Morocco has denied the allegations, but the Paris prosecutor’s office has now opened an inquiry into the affair.
Pegasus software hit the headlines at the weekend after a coalition of investigative journalists around the world published leaked data which suggested the spyware had been used to target journalists, lawyers, activists and politicians.
An investigation led by the Paris-based non-profit journalism outfit Forbidden Stories and Amnesty International, who shared the data with several media partners, has identified 50,000 “people of interest” who may have been targeted.
Pegasus is highly sophisticated military-grade software produced by the Israeli firm NSO, which, when covertly installed on a phone, can record calls, copy messages and even turn on cameras or microphones secretly.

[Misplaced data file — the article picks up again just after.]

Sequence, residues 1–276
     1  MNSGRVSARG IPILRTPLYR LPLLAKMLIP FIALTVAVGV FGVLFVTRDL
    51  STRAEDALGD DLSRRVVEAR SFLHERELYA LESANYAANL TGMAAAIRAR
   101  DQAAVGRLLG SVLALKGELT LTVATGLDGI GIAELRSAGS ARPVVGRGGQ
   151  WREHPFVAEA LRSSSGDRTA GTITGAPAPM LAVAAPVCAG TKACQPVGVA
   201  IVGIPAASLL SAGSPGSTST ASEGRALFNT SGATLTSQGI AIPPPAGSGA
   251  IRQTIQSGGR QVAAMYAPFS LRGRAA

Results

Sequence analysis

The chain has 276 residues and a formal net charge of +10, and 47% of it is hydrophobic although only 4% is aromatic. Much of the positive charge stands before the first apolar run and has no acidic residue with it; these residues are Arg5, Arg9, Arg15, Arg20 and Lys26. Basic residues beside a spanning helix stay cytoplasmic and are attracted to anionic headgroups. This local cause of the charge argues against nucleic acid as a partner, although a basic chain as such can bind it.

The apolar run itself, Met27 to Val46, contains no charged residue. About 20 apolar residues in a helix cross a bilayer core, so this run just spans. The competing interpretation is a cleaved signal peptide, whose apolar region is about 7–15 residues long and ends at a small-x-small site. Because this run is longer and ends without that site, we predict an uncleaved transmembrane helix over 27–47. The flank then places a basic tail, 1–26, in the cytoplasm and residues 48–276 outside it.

NSO Group insist they only sell Pegasus to police forces and intelligence agencies, and that they try to ensure it is only used against serious criminals or terrorists.
However, the leaks suggest that numerous authoritarian regimes have bought Pegasus and used it to spy on opposition politicians, journalists, human rights activists and others.
Mediapart said the leaked data revealed that its co-founder and editor, Edwy Plenel, and a reporter, Lenaig Bredoux, were among those targeted with Pegasus hacks.
“The only way to get to the bottom of this is for judicial authorities to carry out an independent investigation on widespread spying organised in France by Morocco,” Mediapart said in one of a series of tweets.
Morocco has denied the allegations and has issued a statement calling them “unfounded and false”.
The Paris prosecutor’s office did not confirm Mediapart’s allegations, but said it had received an official complaint and opened an inquiry.